Why Do Houses Go up in Value?
I've recently stumbled upon this video on Why Japan is Giving Away 8 Million Free Houses and it was pretty interesting.
That’s right, in just ten years’ time, nearly every third Japanese home will be vacant, according to the country’s largest economic research institute. And while its population is among the fastest shrinking in the world, demography alone cannot explain these strange real estate dynamics.
Broadly speaking, there are two ways to make housing more affordable: increase supply or decrease demand. Japan, uniquely, does both. For one, demography certainly doesn’t hurt. Its population has been declining since 2010 and is expected to return to 1970 levels within the next twenty-five years. Fewer people means fewer households means fewer homes. That’s on the demand side. But supply is no less important. To put it simply: Japan builds. like. crazy.
How can it be that Japan, with only 40% as many people,
builds almost as many new homes each year as the United States?
We all know California is starved for housing, but this is just crazy. The math doesn’t add up. The solution to this puzzle, it turns out, lies in the number of existing homes sold. Now we can see that although the total number of homes sold in each country — both new and used — is roughly proportional to its population, there’s a huge difference in composition.
The vast majority of American home sales are second-hand, whereas the vast majority of Japanese home sales are brand new. In fact, if we stretch the data out, we can see that it’s almost the inverse of America. And that’s Japan’s secret. The reason its housing market is so fundamentally different. It’s not just about national control of zoning, it’s also an entirely different perspective on what housing is.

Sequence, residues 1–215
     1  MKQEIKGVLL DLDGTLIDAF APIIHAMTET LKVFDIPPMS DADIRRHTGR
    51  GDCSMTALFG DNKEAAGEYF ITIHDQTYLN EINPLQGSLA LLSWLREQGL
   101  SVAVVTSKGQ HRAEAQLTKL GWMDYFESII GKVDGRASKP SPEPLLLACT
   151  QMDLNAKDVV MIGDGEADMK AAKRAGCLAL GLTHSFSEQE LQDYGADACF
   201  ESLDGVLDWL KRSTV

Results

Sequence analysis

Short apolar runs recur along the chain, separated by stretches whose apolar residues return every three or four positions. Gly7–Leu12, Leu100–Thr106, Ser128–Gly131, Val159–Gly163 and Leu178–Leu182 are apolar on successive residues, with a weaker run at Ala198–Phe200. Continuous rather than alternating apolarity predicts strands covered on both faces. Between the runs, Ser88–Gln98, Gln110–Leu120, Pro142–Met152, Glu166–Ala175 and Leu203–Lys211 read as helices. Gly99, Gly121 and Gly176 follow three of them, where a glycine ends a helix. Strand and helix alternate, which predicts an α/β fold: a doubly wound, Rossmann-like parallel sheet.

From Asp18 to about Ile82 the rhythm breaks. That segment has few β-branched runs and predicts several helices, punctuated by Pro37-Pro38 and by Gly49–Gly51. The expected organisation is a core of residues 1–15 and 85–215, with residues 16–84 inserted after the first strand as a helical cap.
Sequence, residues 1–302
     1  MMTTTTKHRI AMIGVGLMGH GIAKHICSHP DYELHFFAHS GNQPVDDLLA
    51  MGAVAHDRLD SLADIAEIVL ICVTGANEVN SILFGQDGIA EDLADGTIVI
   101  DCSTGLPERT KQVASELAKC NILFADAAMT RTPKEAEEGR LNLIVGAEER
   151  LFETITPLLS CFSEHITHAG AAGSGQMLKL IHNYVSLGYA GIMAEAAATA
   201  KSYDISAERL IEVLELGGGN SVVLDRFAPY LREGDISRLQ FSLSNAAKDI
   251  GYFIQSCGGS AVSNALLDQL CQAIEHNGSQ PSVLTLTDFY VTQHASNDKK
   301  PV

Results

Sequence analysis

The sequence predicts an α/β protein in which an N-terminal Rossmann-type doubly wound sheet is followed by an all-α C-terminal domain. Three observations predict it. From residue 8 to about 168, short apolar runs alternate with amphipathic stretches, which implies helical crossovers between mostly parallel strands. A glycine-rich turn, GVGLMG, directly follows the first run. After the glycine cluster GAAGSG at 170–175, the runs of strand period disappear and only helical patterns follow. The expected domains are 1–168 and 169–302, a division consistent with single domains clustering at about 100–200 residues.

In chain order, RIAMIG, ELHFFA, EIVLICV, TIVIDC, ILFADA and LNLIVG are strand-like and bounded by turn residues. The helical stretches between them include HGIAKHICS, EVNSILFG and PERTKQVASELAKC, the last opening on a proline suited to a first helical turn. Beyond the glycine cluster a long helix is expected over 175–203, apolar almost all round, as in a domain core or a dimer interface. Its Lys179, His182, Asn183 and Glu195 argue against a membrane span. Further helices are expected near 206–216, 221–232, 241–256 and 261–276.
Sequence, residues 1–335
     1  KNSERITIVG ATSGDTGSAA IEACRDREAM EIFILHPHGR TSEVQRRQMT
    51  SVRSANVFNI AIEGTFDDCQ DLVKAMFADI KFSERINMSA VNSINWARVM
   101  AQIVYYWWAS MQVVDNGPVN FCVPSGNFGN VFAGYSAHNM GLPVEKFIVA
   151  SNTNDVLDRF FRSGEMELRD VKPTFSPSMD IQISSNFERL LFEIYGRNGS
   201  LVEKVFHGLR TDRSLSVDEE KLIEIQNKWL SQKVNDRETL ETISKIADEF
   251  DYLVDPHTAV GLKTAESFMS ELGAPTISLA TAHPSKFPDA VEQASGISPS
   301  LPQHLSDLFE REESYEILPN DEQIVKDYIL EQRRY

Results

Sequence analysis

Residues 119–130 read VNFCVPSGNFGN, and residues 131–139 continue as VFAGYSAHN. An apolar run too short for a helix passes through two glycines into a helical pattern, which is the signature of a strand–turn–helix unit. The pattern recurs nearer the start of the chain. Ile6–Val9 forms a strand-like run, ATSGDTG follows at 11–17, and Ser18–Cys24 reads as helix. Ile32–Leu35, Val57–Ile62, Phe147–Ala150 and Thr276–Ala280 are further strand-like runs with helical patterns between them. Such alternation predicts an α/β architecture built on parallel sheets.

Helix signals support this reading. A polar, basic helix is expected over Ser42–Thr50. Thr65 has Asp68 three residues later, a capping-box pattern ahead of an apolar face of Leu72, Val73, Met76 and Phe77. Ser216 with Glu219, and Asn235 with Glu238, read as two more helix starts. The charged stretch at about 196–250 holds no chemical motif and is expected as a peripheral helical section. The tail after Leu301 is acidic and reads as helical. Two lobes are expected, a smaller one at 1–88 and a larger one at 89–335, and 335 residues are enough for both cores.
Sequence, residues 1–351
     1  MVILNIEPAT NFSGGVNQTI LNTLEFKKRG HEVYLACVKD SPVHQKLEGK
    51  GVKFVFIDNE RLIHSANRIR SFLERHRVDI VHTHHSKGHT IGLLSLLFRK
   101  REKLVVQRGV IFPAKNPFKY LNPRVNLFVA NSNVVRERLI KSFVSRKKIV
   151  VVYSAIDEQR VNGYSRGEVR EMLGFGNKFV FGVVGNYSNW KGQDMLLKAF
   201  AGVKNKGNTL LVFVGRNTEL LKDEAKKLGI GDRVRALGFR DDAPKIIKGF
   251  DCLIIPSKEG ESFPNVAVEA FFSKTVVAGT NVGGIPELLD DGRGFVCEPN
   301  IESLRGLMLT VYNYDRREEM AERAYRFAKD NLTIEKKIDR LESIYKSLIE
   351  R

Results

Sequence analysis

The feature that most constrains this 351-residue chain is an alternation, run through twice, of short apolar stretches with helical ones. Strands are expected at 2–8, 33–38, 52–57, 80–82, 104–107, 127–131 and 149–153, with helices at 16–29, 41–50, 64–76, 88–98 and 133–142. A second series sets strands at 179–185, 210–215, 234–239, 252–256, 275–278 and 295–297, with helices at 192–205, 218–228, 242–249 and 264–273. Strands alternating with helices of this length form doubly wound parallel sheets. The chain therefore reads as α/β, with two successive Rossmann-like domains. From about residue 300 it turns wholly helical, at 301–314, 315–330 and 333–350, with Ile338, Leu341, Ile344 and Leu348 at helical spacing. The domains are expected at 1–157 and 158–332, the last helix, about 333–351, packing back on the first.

In most advanced economies, a house is an investment that doubles as a place to live — a 401k you can sleep in. In Japan, a house is a consumer good — not unlike a car or a refrigerator — that rapidly depreciates in value. In a mere thirty years, the typical Japanese home goes from brand-new to about valuable as a CD player in 2023. That’s no exaggeration. According to the Ministry of Land, even a reinforced-concrete apartment has a lifespan of just 37 years. Try to sell your house on the 38th year and banks will tell you it’s worth zero dollars, or less since the building has to be demolished before a new one can be built.
Housing as an investment is something that I've never fully understood. To me, houses should go down in value because their physical structures tend to degrade over time. But most people believe that they will go up in value, likely due to the economics of supply and demand. After all, shelter is a basic human need, and land is scarce.
Turns out, I'm not alone in thinking that housing is more like a consumer good than an investment. In fact, I think it would be better if we stop treating housing as an investment. Then again, I really don't know much about the dynamics in the housing economy so take that with a bucket of salt.